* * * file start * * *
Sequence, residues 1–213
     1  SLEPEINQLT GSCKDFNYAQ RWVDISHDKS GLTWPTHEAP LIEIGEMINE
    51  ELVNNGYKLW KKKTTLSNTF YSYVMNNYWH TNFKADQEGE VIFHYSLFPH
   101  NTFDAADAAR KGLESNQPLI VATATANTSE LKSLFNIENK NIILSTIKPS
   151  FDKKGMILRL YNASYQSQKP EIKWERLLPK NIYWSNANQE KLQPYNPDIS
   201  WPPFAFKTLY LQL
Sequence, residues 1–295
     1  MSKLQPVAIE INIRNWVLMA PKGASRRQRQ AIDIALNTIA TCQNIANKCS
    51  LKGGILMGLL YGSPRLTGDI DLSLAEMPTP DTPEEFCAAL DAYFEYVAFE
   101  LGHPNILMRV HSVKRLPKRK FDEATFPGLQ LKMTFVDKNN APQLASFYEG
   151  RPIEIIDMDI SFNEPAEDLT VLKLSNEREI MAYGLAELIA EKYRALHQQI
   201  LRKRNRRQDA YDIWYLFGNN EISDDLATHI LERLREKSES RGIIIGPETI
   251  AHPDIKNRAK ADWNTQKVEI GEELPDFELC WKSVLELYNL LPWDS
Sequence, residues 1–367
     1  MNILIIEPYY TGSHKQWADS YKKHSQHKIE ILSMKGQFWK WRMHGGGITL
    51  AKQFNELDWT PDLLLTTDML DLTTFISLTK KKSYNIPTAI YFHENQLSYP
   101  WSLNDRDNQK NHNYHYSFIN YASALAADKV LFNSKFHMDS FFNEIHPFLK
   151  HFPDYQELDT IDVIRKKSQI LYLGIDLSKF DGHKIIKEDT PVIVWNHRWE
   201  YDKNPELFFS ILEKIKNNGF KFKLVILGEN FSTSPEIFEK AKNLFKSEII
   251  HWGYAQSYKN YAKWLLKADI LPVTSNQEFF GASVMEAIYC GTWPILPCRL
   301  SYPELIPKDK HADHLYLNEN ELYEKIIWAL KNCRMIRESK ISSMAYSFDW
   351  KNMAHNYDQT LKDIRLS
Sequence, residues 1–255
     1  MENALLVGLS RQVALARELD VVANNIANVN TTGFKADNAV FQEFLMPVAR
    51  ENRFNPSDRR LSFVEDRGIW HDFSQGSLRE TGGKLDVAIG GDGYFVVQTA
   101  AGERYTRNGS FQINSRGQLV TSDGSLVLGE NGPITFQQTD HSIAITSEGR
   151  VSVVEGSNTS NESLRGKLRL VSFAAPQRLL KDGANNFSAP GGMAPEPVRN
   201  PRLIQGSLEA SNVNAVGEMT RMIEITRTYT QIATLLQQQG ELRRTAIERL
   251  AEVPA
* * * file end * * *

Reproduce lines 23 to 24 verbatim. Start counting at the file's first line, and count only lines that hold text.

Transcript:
Sequence, residues 1–255
     1  MENALLVGLS RQVALARELD VVANNIANVN TTGFKADNAV FQEFLMPVAR